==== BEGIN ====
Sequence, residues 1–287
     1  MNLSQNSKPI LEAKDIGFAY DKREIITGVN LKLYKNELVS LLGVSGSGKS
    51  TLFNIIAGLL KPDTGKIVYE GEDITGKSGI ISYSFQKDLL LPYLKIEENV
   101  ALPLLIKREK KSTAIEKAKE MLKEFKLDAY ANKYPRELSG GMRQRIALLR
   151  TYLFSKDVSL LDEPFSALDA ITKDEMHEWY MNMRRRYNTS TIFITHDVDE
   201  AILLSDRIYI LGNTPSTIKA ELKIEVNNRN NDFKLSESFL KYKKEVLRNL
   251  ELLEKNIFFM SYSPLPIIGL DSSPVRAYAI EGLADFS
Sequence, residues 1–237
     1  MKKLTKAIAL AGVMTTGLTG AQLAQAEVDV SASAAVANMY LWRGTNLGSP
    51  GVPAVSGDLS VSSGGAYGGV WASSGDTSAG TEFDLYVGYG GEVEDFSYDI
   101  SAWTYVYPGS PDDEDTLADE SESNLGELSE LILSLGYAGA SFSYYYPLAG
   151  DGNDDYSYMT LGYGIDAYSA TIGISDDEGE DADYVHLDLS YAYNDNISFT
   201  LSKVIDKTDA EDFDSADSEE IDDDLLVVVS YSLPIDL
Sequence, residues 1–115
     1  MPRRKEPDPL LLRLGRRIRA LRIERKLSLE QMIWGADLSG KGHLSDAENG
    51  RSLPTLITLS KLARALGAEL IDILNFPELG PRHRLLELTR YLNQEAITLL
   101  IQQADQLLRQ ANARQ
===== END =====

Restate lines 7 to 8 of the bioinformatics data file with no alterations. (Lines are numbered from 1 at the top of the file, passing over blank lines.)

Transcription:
   251  ELLEKNIFFM SYSPLPIIGL DSSPVRAYAI EGLADFS
Sequence, residues 1–237